The work would be carried out in 2 phases and would comprise the following scope.
Phase 1 (End-October 2016 Completion):
- Create a PSCAD model of the GB grid suitable for demonstrating inverter-induced instability phenomena. This would be based on an existing National Grid reduced equivalent model. The model will include a full representation of the network of the 400kV network on the South coast between Lovedean and Kemsley substations with the representation being simplified in areas further away from the Lovedean-to-Kemsely zone.
- Run a series of study cases looking at realistic future GB operating conditions and generation/demand backgrounds to build a picture of likely voltage transient instability. Explore the use of synchronous compensation as a counter-measure to voltage instability. Provide a report describing the risk of inverter induced instability phenomena and limits for the operation of non-synchronous generation (NSG).
- Carry out an analysis to benchmark the costs of maintaining voltage stability through the use of synchronous machines and the curtailment of inverter connected generation.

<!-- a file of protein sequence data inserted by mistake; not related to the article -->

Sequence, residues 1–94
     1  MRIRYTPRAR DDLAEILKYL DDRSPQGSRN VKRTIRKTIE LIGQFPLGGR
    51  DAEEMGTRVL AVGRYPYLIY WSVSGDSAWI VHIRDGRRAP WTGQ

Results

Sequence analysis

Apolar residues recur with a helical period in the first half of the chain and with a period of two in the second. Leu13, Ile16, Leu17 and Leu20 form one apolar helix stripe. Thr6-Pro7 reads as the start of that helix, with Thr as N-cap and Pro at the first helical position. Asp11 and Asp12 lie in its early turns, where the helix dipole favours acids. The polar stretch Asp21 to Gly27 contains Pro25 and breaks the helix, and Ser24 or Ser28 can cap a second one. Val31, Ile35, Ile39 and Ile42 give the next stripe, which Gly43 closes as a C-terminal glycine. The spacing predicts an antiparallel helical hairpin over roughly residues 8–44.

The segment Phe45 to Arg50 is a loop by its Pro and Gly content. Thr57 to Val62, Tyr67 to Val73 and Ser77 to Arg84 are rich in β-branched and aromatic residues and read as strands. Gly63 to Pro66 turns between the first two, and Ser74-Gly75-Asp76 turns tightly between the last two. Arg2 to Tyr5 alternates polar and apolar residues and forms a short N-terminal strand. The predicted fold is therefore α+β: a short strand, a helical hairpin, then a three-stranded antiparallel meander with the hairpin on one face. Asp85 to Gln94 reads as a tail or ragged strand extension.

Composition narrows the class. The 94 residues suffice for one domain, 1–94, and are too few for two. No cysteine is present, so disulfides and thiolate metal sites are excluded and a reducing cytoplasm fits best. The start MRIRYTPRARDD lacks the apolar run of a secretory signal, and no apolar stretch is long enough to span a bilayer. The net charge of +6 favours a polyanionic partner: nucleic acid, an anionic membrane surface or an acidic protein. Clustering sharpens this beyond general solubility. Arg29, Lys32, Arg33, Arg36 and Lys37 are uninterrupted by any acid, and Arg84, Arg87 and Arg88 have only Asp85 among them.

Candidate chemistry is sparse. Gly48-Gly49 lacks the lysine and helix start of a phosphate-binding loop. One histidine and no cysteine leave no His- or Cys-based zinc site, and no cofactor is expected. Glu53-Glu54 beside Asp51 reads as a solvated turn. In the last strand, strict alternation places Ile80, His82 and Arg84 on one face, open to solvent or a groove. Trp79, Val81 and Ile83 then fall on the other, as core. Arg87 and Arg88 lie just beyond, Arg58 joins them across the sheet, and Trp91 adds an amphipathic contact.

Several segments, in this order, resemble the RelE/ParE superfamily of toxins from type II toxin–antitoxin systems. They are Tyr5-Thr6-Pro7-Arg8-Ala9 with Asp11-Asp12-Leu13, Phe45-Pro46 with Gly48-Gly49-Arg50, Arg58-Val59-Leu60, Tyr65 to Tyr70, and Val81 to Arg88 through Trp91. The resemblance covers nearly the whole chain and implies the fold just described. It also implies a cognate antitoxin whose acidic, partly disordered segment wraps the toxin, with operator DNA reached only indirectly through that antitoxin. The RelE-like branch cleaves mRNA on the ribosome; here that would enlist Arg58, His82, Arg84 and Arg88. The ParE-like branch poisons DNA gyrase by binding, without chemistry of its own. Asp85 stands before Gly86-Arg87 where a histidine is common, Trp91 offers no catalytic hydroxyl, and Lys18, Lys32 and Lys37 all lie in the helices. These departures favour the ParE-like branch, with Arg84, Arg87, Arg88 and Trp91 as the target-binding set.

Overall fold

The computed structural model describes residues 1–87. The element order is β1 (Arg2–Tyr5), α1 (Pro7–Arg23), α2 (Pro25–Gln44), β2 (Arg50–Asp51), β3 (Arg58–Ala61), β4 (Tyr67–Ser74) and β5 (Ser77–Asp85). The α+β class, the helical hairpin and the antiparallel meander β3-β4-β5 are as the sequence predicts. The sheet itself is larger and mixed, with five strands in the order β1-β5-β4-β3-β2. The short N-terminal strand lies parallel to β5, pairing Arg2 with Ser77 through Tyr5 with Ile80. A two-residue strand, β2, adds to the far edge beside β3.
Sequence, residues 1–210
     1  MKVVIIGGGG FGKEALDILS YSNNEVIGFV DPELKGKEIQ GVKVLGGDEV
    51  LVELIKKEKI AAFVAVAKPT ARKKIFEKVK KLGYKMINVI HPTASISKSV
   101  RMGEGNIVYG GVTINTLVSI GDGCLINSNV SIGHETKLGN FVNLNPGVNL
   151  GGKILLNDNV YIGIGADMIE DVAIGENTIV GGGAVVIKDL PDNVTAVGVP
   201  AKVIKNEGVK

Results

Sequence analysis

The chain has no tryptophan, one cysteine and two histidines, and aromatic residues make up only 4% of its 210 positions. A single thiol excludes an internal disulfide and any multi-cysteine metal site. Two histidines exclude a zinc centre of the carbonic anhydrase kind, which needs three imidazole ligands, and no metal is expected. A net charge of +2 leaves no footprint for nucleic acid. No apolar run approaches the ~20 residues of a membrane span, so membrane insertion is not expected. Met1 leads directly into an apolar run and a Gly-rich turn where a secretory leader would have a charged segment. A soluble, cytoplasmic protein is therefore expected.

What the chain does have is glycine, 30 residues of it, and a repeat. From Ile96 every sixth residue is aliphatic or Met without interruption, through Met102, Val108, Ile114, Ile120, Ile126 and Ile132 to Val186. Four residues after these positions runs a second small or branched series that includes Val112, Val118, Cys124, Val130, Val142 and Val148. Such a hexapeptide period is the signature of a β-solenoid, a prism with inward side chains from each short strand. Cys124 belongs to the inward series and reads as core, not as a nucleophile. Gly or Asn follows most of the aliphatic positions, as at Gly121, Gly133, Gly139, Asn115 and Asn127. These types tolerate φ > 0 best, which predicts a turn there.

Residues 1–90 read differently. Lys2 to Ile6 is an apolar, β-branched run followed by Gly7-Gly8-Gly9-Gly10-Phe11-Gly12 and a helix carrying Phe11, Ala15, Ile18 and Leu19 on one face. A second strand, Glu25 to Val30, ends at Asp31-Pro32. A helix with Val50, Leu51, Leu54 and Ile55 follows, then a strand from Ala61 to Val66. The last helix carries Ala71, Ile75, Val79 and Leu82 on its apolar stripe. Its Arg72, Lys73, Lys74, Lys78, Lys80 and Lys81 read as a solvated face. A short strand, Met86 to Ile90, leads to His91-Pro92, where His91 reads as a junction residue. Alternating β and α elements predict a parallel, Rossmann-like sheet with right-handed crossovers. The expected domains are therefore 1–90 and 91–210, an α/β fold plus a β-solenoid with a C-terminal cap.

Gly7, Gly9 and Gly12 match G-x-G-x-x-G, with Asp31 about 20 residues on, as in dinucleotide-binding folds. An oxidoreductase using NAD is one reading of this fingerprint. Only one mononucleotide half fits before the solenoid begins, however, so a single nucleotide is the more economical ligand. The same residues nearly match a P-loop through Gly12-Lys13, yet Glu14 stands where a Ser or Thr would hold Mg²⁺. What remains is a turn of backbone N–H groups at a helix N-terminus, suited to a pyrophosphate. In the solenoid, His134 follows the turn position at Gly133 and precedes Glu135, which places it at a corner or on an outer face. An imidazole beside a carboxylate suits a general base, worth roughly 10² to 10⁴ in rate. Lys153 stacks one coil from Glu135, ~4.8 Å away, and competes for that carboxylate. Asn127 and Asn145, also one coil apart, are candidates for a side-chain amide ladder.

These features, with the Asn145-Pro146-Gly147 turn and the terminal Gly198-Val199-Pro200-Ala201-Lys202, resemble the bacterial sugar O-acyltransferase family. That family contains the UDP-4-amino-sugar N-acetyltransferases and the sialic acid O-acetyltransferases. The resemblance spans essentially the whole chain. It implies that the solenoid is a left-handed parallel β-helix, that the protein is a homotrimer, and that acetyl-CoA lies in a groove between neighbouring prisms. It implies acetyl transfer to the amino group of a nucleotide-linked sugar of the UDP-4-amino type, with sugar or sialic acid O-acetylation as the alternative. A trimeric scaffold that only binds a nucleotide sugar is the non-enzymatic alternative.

Phase 2 (End-June 2017 Completion):
- Demonstrate a novel inverter control approach (“Advanced Converter Control”), with the demonstration focused on the South Coast area. Outline the potential wider GB benefits of this approach.
- Provide a plan with recommendations on how the approach can be fully developed and implemented.
The project will be successful if we :
- Create a functioning PSCAD model for the GB network that can be used for transient stability analysis.
- Determine whether the GB system is likely to be at risk to voltage instability with high levels of NSG.
- Identify the levels of NSG at which the GB network is likely to be susceptible to instability problems and the likely cost impacts of these restrictions if new mitigation approaches cannot be developed.
- Confirm whether the Advanced Converter Control approach could be an effective mitigation strategy.
- Identify how the improved control approach can be developed and implemented.